Things never go according to plan on brew days. I think a skilled brewer already knows this fact, and utilize their experience to take quick corrective action to save the brew. Sh#t happens as they say. So, since I made every mistake under the sun brewing my Apricot Pale Ale, I figured I'd elaborate on my corrective actions to see if anyone had any ideas they'd like to share, or maybe help some brewer noobs out there hone in their own skills.
First problem: Forgetting things until the last minute. I almost forgot the 5.2 (a powder that gets the acidity of your water to the ideal levels for your mash). I did forget about the whirlfloc tablet, but was able to add it later on. I didn't have any yeast nutrients, not that, that mattered with how well the starter performed. The point is, add your additives to your brew day planner (I use beersmith), and set the additives out right next to your brewing setup so you have to walk past them 20 times.
Second problem: Know your system. I just installed the 5500 watt elements in my brew kettle and hot liquor(water) tank from the electric brewery. It's incredible how fast it can heat 8g+ of water. Which leads us to our problem. Know your boil off figures (how fast your system boils off wort/water). When it came time to cool the wort, I should have had 5g left, and instead, had only 3.5g! The garage had clouds of steam hovering around the ceiling. The simple corrective action - just add more water (which is when I remembered to add the whirlfloc tablet. I boiled just long enough to sterilize the wort, and give the hops a little more time. Which leads us to problem #3.
Third problem: Timing. Since I didn't know how fast my system boiled off water, I was guessing at the hop timing. I hit my volume levels after only a 20 minute boil with the hops - which is part of the reason I ended up with 3.5g. The element in the boil kettle comes on slow, but once it's hot, it tears through your water volume. I estimated I was losing about 1g every 30min - which is 2x as fast as the propane fired system I used to use. That was one of many problems with the hops, but by simply adding more water, I was able to extend the boil time, and get my volumes back in line. The good news is, at that boil rate, their should be a hint of any DMS!http://www.blogger.com/img/blank.gif
Fourth problem: Know your hydrometer. Your brew day planning sheet (in beersmith) gives you estimates of where your original gravity (the sugar content of your wort) should be before you boil off some of the water. I thought the efficiency of my system was off because I'd get 45% efficiency when everyone else would get 65-70% on average. The light bulb finally went off (hey...better late than never!). HYDROMETERS ARE CALIBRATED TO 60 DEGREES! Not the 140 degree plus wort I was pulling. There are calculators online that can give you an accurate adjustment based on the temp/og reading you get. As soon as I plugged my numbers in the calculator, it came out to an OG of 1.040. Beersmith estimated I'd get about 1.039!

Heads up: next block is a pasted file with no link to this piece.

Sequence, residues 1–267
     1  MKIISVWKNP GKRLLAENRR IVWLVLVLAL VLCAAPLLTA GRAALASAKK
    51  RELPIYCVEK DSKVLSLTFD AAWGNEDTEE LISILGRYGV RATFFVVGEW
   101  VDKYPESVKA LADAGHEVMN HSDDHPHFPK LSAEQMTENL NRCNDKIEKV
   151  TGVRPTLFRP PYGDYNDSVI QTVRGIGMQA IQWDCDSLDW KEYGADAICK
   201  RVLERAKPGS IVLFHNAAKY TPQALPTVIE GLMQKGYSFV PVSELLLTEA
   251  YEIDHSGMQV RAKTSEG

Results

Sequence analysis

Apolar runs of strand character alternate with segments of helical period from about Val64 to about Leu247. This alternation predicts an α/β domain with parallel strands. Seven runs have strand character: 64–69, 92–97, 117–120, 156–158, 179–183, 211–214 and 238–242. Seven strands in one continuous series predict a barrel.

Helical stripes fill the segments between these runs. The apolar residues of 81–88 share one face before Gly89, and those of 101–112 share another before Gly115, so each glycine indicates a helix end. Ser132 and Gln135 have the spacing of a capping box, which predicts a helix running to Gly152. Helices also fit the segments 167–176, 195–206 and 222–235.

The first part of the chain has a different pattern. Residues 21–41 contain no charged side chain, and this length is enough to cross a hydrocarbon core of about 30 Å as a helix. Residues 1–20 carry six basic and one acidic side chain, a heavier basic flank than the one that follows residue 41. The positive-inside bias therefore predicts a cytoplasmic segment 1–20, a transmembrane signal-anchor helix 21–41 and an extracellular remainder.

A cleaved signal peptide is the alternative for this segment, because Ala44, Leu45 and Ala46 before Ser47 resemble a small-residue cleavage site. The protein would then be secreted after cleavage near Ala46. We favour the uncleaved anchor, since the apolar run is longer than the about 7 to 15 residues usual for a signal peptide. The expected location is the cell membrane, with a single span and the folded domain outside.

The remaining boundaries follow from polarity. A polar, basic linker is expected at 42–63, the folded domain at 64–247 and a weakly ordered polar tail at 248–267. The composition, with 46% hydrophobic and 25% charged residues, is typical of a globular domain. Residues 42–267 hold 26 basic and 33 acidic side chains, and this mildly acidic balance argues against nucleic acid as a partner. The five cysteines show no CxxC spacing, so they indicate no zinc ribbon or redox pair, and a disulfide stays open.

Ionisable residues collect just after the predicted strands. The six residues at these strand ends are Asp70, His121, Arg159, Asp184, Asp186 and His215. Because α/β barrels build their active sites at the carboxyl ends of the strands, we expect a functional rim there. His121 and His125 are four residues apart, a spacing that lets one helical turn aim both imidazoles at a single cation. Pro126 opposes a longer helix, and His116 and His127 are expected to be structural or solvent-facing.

Fifth Problem: Hop leaves don't act like hop pellets. The pellets practically dissolve during the boil. Hop leaves however, just sink to the bottom. They're extremely adept at clogging your plumbing in the most annoying locations. When I tried to start cooling the wort, the hop leaves almost immediately clogged the pump housing. Not a big problem, simply removed the pump housing and cleaned it, but it took probably 20-30 minutes. During that time, I added water straight to the wort, and brought it back up to a boil, while re-adding the hops to give them some more time to soak - this time using a HOP BAG, so they wouldn't clog my plumbing. The hops that were in the wort, I strained out into a bucket, and trust me, holding a 20g steel kettle while pouring out the wort is a man's job. That thing isn't lite!
Sixth problem: Avoid stupid mistakes. Once I finally got to cooling the wort, the process began to flow smoothly. The wort had already been strained, so I just pumped it straight into a 6.5g carboy that had been sterilized. It's busy fermenting at about 65 degrees. The last problem was that I forgot to put a bit of gin in the air lock, so it was open to air all night. Hopefully, that won't create any sour tones in the brew!
All in all, brew day was an adventure to say the least. I think it means I'm out of practice, so I'll have to brew a whole lot more! :)